Here in the Midwest, the change of seasons, especially as autumn eases into winter, can bring us down. We must bid adieu to warm, sunny days, flora, and fauna knowing it will be many months before these joys return.

Most of the leaves have fallen and the blossoms have faded. We’ve said good-bye to our hummingbird friends. Squirrels are busy storing food for the barren winter. The wind blows louder.

But nature still has surprises for us to find.

Today I strolled through Cantigny Park in Wheaton, Illinois and was delightfully surprised.

Purples, pinks, oranges, yellows, browns, reds, and greens. Flowers, leaves, and branches.

Birds singing, chattering. Wasps searching for the last drops of sweet nectar.

My heart soared with so many treats to the senses. The most exciting was finding fragrant roses in bloom.

The frost is coming. These lovely days are numbered.

But nature will always provide us with delights. All we have to do is seek them.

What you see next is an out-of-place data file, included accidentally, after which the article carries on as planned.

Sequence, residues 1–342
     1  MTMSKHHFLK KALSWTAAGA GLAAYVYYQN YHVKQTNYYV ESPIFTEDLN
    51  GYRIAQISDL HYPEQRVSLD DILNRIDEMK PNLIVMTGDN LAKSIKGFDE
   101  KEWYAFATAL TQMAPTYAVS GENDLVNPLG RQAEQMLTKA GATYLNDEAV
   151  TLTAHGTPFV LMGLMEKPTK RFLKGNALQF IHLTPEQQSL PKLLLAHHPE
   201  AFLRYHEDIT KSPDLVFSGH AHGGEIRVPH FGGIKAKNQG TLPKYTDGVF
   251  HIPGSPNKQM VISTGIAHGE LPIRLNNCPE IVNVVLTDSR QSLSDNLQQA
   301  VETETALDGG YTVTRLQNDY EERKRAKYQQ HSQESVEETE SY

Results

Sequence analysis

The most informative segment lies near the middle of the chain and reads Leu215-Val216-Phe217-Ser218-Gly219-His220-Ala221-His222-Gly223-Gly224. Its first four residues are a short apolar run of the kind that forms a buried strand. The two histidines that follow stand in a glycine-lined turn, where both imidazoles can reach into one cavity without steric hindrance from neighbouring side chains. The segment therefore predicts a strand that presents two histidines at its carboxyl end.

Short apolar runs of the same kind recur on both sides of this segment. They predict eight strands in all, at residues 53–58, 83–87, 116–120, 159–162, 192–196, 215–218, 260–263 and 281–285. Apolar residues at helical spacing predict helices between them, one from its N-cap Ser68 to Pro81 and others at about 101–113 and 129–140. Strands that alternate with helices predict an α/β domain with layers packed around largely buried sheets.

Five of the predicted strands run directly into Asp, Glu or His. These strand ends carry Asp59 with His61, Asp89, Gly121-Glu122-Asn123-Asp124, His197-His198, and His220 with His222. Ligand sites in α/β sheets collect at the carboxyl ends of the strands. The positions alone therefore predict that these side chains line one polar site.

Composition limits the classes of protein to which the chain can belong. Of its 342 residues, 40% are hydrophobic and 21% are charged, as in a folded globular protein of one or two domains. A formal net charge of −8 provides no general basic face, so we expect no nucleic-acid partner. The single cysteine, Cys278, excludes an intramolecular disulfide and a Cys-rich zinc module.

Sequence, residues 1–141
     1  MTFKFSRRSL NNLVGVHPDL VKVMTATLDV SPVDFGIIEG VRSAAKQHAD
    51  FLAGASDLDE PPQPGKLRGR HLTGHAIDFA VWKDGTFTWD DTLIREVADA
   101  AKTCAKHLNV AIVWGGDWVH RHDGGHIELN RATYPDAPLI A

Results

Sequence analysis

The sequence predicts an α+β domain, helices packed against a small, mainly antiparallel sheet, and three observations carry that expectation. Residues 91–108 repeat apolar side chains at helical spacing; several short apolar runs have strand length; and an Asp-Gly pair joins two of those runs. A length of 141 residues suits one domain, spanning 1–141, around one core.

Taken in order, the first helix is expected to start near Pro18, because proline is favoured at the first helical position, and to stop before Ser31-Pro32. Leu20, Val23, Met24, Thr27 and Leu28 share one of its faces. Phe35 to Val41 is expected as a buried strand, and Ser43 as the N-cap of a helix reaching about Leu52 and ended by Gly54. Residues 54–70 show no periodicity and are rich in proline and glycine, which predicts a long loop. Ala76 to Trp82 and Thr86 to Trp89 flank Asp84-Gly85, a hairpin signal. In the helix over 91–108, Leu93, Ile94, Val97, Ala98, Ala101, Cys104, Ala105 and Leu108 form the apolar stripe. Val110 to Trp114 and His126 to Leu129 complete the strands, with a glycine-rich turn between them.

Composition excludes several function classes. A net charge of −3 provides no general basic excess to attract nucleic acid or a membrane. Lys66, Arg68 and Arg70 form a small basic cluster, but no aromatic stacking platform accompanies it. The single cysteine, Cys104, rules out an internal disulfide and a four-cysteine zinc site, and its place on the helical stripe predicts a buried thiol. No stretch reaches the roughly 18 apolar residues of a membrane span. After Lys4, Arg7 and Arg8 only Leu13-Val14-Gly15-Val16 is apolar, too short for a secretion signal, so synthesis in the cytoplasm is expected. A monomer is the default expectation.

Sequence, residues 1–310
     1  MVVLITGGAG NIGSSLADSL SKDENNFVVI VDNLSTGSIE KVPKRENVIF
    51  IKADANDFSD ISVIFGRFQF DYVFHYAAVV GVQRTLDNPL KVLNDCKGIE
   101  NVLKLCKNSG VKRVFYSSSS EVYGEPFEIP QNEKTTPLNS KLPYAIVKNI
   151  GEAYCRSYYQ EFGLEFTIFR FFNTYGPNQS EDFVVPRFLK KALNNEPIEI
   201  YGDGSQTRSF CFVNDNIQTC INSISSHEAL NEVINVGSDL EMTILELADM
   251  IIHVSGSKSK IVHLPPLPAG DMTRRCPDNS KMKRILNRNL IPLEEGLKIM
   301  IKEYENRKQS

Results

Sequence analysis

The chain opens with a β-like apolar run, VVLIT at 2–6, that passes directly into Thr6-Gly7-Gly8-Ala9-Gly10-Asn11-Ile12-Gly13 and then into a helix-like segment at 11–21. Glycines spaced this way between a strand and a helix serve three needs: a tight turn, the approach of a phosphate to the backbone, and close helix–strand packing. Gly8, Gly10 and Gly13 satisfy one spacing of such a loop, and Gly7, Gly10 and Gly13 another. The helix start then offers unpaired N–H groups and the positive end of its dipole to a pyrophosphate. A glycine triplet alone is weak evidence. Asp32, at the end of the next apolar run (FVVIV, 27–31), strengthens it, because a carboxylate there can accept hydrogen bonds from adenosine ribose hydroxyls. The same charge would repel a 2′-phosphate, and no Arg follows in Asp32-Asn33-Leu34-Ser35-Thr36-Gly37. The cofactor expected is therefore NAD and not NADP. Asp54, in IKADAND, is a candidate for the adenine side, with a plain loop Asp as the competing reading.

* Caring for a loved one with dementia? You are not alone. I know what you are going through. So do others. Ask for the help you need. Navigating Alzheimer’s, The Alzheimer’s Spouse, Inspired Caregiving.

Surprise Find Wednesday, Sep 28 2022 

One of my favorite activities is to walk in the midst of nature. Pathways along rivers, lakes, and ponds offer abundant opportunities to spot flora and fauna. Treasures are to be found everywhere we look–deer, woodpeckers, turtles, moss, fungi.

One “treasure” I hadn’t considered are snakes. On a recent walk, a six-year-old nature enthusiast pointed out several snakes along a pond and stream I’d otherwise be oblivious to. I’ll be looking more closely under the rocks, tree stumps, and in the waterways on these types of walks from now on.